When the victory arriveth, every man shall profess himself as believer and shall hasten to the shelter of God’s Faith. Happy are they who in the days of world-encompassing trials have stood fast in the Cause and refused to swerve from its truth.
This has often been quoted to me as a statement of how the Faith will grow until every person on the planet is Baha'i. "Isn't it wonderful?" And yet, I wonder.

Baha'u'llah doesn't seem to be saying, as I read it, that everyone shall be a believer. He says that they will profess to be one. And when I look that word up in the dictionary, it is the second and third definitions that say this word means to "openly declare" or "affirm". The first definition is "to lay claim to, often insincerely; to pretend to". Now I know that there are times when the Guardian, who translated the original word here as "profess", used the second or third definition for his translation work. Ruhiyyih Khanum says this, and I believe her. But what was the intention here? I don't know.

But I do know that since it became easy to be a Christian, the sincerity of some believers has often been called into question. And when it became easy to be a science fiction fan, some of the basic precepts of science fiction have been called into question.

When the victory arrives, when we no longer have to face those earth-shattering tests that the early Baha'is and Babis faced, it will be easy to declare oneself. I am certain that everyone will profess their faith in it. I have no doubt about that.

But, as Muhammad said, "Think because you say you believe you will not be tested?"

Sure, all will profess. But happy are those who will have stood firm during those promised "days of world-encompassing trials".

Saturday, December 19, 2015

The History of the Decline and Fall...

For quite a long time now I have known that one of the Guardian's favorite books was The History of the Decline and Fall of the Roman Empire by Edward Gibbon, who, interestingly enough, was not descended from the apes of the same name. They were merely another branch of the same family tree. This book was so much a part of his life, the Guardian's, not the Gibbon-guy, that Ruhiyyih Khanum said that he always had a volume of it with him when he traveled. There was even a volume of it on his bedside table when he passed away.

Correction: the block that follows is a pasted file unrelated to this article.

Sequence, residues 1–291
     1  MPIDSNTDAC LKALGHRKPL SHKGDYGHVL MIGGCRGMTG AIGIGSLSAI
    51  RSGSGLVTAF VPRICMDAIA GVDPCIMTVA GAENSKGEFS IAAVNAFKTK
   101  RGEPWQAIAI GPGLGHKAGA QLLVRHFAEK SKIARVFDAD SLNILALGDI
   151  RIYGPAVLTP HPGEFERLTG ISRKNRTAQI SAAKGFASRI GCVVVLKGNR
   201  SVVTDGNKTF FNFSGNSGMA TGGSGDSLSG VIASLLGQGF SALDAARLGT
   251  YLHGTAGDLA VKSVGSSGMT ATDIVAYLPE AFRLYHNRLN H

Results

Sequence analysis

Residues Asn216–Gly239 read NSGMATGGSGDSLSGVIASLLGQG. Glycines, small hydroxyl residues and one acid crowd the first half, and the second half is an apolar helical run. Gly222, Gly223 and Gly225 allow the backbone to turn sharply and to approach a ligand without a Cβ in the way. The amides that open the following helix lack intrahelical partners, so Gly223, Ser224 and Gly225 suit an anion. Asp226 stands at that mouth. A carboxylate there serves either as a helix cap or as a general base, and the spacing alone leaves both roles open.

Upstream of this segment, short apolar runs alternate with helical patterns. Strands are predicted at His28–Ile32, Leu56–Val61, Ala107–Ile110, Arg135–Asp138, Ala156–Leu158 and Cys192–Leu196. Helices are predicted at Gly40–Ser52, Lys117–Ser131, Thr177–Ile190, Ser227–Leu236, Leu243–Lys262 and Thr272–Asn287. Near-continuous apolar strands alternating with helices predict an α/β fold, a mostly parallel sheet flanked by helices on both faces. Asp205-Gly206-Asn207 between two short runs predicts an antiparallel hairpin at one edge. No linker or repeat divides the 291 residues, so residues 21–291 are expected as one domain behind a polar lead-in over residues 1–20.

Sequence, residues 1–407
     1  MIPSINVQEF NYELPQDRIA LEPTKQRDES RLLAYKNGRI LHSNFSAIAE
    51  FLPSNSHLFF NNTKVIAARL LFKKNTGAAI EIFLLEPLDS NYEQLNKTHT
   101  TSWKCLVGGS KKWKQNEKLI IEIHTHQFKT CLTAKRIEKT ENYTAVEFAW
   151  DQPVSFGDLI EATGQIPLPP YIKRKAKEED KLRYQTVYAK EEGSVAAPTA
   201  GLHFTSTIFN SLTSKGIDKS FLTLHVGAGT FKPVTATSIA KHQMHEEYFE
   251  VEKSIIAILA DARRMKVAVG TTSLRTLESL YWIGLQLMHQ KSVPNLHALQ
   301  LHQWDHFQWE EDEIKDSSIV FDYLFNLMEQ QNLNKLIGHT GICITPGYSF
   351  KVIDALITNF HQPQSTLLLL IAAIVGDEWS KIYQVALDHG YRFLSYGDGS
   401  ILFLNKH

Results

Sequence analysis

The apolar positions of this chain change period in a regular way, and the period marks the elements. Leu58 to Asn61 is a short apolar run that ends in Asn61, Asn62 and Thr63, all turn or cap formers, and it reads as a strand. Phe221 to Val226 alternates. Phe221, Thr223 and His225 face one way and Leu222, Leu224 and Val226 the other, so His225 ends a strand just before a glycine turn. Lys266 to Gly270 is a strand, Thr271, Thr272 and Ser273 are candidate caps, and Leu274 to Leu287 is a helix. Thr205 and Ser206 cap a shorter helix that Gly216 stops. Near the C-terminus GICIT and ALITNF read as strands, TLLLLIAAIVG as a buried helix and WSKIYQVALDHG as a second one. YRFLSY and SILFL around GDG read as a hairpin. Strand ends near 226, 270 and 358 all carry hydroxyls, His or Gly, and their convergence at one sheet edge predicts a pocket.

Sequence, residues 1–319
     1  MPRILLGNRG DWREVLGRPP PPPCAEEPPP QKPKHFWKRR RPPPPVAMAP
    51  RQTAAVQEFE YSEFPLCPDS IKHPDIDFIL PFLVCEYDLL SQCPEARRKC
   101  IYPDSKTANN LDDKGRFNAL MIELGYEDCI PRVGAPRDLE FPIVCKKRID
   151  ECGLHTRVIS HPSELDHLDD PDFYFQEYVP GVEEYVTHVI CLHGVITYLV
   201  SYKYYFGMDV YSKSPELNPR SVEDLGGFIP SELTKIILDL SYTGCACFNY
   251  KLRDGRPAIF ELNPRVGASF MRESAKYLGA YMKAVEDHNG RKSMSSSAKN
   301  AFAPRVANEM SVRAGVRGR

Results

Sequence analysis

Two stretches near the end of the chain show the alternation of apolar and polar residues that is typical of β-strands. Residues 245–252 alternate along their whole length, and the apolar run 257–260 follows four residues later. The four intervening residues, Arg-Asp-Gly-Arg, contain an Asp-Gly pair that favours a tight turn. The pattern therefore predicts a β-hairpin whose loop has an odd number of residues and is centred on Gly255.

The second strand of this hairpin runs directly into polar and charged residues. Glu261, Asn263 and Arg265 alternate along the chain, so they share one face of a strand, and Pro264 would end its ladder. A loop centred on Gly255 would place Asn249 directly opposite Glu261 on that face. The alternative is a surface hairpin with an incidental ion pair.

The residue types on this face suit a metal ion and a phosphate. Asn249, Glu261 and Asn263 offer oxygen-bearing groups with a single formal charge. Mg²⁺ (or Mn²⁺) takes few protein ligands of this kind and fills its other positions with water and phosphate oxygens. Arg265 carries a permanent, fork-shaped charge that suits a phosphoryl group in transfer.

But wait, a volume? Yes, a volume.

This book, which is inappropriately called a book, is actually a series of 6 books, which are more appropriately called tomes, by those in the know. And remember, this was written at a time long before the decline and fall of attention spans which has resulted in the people of today being accused of no longer being able to pay attention for more than the length of a sound byte, as well as novels no longer being considered for publication unless they are more than 7 volumes in length. It was, in fact, published between 1776 and 1789, which may explain why the US won their revolution: too many British soldiers were back at home in their barracks reading the latest volume.

Anyways, I've been reading more about the Guardian as of late, and ran across, a few times, the notion that these books highly influenced the Guardian's translation work. You see, Shoghi Effendi studied English at Oxford to gain a better ability in his work to translate the Writings. While there he ran across these books, which is not difficult as they seem to be a favorite past-time of Oxfordites. (Oxfordonians?) Having never read them during my own time there, I decided to finally break down and give them a shot, this after many years of hearing about these incredibly long books that are the bane of students everywhere, except Oxford it seems. They are the last in line of a series of highly intimidating books that many people run across in their life, but rarely read; the others being Moby Dick for high schoolers, War and Peace for undergrads, and The History of the Decline and Fall of the Roman Empire for post-grads. You may notice that this list of quintessentially intimidating books begins at high school. The reason for this is that for most students pre-high school, all books are intimidating.

So there I was, looking for a free copy that I could download to my handy dandy, trusty e-reader, which I rarely use, so I thought it might be appropriate for this, when lo! and behold, there were many. Thirty seconds to download, plus another thirty minutes to remember how to transfer it from my computer to my handy dandy, trusty e-reader, and there. I had it. A complete edition of Edward Gibbon's massive work, The History of the Decline and Fall of the Roman Empire. Complete with footnotes.

With great eagerness, and, I must admit, a mild sense of trepidation, as well as a freshly brewed steaming hot cup of tea, I cracked open the first volume.

Well, not really. What I actually did was slide my index finger across the screen, which isn't really quite as satisfying.

But open it, I did.